Where in the World is Vladimir Putin?
What do we know?
Yevgeny Viktorovich Prigozhin literally marched on Moscow, Russia. Before turning away and disappearing from view. We’ve been told that Mr. Prigozhin is headed to sanctuary in Belarus with Dictator Viktor Orban. To the best of our public knowledge we know that Russian nuclear weapons were sent to Belarus by Mr. Putin for one reason or another.
President Putin’s jet aircraft has reportedly left Moscow. As in a report from Business Insider: “Russian President Vladimir Putin’s plane took off from Moscow early Saturday morning, heading towards St. Petersburg before disappearing from flight tracking radar. Putin’s presidential plane left at 14:16 Moscow time, according to FlightRadar data retrieved by NEXTA.” Nexta being a Belarusian media outlet that is primarily distributed through Telegram and YouTube channels. The YouTube channel was founded by then 17-year-old student Stsiapan Putsila. The channel’s headquarters are located in Warsaw, Poland, after its founder went into exile, per Wikipædia.
So we know nothing. But we can guess using the technique of plan for the worst, hope for the best that Mr. Prigozhin, creator and leader of the global Wagner Group mercenary army has headed for Belarus, remembering that the best lies contain as much truth as possible, then veering into supposition by thinking that Mr. Prigoshin is not heading into exile but towards a stash of nuclear weapons.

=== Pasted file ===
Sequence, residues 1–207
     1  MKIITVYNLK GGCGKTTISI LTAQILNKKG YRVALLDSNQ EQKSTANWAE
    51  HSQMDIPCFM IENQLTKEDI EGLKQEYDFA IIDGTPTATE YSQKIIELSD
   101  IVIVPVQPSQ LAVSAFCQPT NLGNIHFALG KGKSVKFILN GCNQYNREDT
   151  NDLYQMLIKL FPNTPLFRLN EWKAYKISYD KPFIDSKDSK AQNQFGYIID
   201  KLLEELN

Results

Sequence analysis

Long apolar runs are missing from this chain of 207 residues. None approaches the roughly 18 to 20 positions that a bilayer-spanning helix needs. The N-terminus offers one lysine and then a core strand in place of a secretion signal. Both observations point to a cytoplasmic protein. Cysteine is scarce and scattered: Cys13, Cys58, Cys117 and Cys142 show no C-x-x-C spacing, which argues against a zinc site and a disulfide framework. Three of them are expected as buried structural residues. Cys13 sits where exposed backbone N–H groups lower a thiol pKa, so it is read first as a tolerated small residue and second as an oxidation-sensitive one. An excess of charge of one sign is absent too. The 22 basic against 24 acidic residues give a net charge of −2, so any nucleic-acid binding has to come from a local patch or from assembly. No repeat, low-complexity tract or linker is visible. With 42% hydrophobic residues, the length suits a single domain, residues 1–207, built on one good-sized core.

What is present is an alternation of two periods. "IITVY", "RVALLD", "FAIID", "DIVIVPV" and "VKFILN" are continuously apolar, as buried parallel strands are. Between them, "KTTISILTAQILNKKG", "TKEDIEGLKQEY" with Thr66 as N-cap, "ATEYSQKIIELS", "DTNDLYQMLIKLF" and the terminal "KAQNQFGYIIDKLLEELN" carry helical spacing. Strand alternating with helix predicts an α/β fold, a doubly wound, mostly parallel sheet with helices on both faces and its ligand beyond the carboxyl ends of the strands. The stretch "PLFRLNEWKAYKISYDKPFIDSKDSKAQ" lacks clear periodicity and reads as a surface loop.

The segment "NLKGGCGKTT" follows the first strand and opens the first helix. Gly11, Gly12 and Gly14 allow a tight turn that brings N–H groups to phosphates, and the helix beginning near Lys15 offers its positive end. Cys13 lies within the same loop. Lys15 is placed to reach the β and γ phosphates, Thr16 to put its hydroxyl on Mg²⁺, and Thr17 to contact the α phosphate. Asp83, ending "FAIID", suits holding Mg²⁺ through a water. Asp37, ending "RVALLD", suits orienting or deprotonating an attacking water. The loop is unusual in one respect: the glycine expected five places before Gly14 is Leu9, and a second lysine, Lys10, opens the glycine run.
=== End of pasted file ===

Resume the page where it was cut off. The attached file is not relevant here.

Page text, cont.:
And just in from The Washington Post:
RIGA, Latvia — Wagner mercenary chief Yevgeniy Prigozhin resurfaced Monday for the first time since his Saturday mutiny, and declared that his motive was to save the private militia from being subsumed into the Russian military — not to topple President Vladimir Putin.
Prigozhin, who did not disclose his whereabouts, said he ordered the rebellion after Russia’s military killed 30 Wagner fighters in a missile strike on one of the militia’s camps, and he said he accepted a deal to avoid prosecution and move to Belarus because it would allow Wagner to continue its operations there.
Whatever his intentions, however, Prigozhin’s brazen revolt confronted Putin with the fiercest challenge he has faced in more than 23 years as Russia’s supreme leader, and it laid bare bitter divisions over the handling of the war in Ukraine that could have serious repercussions on the battlefield.
As always, the Washington Post lives behind a paywall because news worth reading costs money to collect and organize. https://www.washingtonpost.com/world/2023/06/26/putin-prigozhin-russia-rebellion-wagner/
Curiouser and curiouser, Art.